You’ll have nothing to write without good, powerful material. Interview technique is probably a separate piece entirely, but suffice to say you need to ask plenty of questions, be inquisitive without being intrusive and don’t be too rigid. The worst interviewers simply ask a list of questions, robot fashion, without reacting to what is said and exploring the answers further. Often comments that could be ‘throwaway’ actually form the heart of a powerful human interest piece. The same logic applies to research for an article, as interesting facts or information can take you off into a different – sometimes more interesting – direction than you originally considered.
The power of any story or piece of content can easily be lost if the writing does not do it justice. When it comes to human interest stories it is not the job of the writer to take centre stage. Powerful, purposeful prose should underpin any good story – but you must let the emotion of the piece come through from the subject. It’s not a task in proving how clever you are.
Strong, emotive quotes should be at the heart of the text, featuring as quickly and prominently as possible – and those words should be backed up by heartfelt photos and videos. Don’t simply tell the reader what you’ve seen, heard or felt – let them find that emotion for themselves.
The strength of Facebook and Twitter merely opens up new avenues for human interest stories. Stories can emerge on social media and be spread quickly and effectively this way. A powerful piece will be something that is worth sharing, posting and re-tweeting. If the reader is sufficiently moved by a story they will pass that on to their followers.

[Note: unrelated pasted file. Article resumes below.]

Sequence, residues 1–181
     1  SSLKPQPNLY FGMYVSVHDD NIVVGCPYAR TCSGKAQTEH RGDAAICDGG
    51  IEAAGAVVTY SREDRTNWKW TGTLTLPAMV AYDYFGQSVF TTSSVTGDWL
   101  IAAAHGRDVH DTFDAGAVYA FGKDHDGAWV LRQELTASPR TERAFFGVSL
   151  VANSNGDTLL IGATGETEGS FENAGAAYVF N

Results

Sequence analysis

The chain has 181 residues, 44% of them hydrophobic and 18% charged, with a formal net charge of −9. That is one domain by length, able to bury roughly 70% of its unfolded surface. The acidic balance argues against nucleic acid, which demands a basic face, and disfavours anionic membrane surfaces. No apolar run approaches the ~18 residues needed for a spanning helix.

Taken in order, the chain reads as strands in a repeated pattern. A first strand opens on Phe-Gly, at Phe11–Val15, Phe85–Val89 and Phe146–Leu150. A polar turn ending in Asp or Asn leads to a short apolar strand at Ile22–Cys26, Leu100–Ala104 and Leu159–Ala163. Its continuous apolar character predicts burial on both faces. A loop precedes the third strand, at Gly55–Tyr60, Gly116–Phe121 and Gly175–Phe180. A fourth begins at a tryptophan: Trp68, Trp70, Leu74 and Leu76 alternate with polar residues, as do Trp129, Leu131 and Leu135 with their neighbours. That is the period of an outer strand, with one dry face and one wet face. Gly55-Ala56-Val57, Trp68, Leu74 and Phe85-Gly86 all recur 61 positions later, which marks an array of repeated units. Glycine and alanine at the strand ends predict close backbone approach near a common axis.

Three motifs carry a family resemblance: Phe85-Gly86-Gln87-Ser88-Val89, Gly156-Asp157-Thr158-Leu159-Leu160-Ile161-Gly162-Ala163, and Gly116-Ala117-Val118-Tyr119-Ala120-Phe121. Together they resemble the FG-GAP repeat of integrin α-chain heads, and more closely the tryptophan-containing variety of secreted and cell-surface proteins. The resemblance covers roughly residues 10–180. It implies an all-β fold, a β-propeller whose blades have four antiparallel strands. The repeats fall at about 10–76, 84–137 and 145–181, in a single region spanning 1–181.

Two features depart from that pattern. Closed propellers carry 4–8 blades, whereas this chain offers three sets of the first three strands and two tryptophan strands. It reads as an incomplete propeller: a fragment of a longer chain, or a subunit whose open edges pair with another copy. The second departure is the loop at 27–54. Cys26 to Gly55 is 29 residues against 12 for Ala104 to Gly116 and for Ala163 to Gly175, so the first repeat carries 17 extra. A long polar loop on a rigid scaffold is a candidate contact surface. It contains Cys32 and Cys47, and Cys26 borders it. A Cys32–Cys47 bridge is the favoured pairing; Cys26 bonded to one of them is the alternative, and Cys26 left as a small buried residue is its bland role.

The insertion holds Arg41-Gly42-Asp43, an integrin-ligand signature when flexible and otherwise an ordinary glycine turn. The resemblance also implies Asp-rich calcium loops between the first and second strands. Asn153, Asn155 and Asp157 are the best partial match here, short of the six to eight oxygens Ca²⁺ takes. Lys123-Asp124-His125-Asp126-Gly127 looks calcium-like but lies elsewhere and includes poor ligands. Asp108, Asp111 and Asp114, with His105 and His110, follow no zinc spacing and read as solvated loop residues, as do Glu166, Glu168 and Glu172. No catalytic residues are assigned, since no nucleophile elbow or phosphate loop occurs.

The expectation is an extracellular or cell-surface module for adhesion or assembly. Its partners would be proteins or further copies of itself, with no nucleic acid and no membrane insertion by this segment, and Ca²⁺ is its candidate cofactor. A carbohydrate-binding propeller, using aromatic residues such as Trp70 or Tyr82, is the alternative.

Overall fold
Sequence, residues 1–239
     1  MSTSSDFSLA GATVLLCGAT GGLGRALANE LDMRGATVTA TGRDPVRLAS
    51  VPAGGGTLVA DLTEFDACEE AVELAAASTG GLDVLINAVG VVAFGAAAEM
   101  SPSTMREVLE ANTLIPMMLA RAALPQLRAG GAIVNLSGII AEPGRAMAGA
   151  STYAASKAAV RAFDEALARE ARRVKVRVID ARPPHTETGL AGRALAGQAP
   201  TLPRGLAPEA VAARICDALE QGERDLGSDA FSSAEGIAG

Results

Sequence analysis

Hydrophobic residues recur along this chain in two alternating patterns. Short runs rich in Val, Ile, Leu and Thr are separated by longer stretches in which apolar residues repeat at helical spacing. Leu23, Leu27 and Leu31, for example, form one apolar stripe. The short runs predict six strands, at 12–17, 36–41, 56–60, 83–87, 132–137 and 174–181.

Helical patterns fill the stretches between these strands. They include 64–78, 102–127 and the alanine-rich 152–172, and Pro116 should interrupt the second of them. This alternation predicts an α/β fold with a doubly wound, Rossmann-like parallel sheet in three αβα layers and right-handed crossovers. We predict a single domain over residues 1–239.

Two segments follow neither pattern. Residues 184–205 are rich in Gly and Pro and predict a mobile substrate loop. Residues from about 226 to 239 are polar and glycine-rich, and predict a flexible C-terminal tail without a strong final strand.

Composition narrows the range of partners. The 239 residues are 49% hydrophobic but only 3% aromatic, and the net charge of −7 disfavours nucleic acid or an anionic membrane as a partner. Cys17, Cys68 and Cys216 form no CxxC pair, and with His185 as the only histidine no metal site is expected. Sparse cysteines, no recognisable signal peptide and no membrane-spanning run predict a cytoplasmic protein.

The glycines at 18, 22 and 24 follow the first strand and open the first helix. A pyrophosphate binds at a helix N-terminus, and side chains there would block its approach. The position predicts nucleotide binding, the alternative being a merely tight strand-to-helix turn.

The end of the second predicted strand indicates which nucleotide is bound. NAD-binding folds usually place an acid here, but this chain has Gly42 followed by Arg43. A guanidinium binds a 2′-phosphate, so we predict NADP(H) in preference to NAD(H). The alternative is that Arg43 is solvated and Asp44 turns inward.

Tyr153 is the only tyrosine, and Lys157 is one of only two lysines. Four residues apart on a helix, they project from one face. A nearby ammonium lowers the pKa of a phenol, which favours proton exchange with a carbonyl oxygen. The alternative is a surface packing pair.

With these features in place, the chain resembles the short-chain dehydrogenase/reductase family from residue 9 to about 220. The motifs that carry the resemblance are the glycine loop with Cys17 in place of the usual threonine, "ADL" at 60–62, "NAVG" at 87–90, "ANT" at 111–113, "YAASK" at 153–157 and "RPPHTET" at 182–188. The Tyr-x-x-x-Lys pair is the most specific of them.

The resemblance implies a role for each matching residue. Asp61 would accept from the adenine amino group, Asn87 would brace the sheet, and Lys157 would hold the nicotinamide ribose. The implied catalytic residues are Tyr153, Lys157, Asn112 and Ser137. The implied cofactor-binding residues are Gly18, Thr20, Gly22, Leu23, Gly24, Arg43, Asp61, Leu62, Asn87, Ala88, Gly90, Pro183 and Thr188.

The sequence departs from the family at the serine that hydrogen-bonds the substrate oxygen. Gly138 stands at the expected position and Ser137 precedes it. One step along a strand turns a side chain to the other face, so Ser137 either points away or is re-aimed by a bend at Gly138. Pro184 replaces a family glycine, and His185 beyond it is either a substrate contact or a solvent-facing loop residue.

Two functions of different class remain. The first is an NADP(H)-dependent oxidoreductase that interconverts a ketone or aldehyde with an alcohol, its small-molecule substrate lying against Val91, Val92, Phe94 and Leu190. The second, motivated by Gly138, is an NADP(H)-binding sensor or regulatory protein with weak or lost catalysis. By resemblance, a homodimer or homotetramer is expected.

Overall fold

If anything, regional news reporters have been liberated by this – their work can go beyond their traditional geographical boundaries to a potentially global audience.
The recent example of Winnie Blagden from Sheffield shows this. BBC Radio Sheffield made an appeal for cards on behalf of Winnie, who has no surviving family and not much contact with the outside world beyond her carers, ahead of her 100th birthday.
The appeal went viral – reaching an audience far beyond the station’s 240,000 listeners and 10,200 Facebook followers – and saw presents and cards pledged from far and wide – including the US. Good human interest content is universal.
People who write content do need to think about different platforms. The heart of the story is the same but, for example, the picture is crucial to help catch the eye on Facebook while strong headlines or stand-out quotes work well to jump out of a busy Twitter timeline. Again, these platforms don’t change the heart of the story – it’s just that different parts of the presentation of the story matter more depending on where they are shared.
Consider, too, the rise of the Vlogger. The YouTube shows produced by these people invite us into their lives and homes. We invest in them and their lives and they are able to deliver matter on what feels like a one-to-one individual level. Our human connection with the subject makes the content more enjoyable and powerful.
Strong human interest stories can tug at the heart strings like no other – and the most high profile examples can set the news agenda.
Consider the case of Stephen Sutton. The 19-year-old cancer patient caught the public imagination with his story and online ‘bucket list’ of ambitions to achieve before he died. His emotional case inspired donations and support totalling £4.5million – money that, one year on, has been donated to helping others in his heartbreaking situation. Perhaps just as significantly, his case also inspired other cancer sufferers, who took heart from his brave battle.
Each of us knows the devastating impact of cancer – but this human interest story had the power to move many of us into actually acting and making a difference.
The case of Alan Barnes had a similarly powerful impact on the public psyche.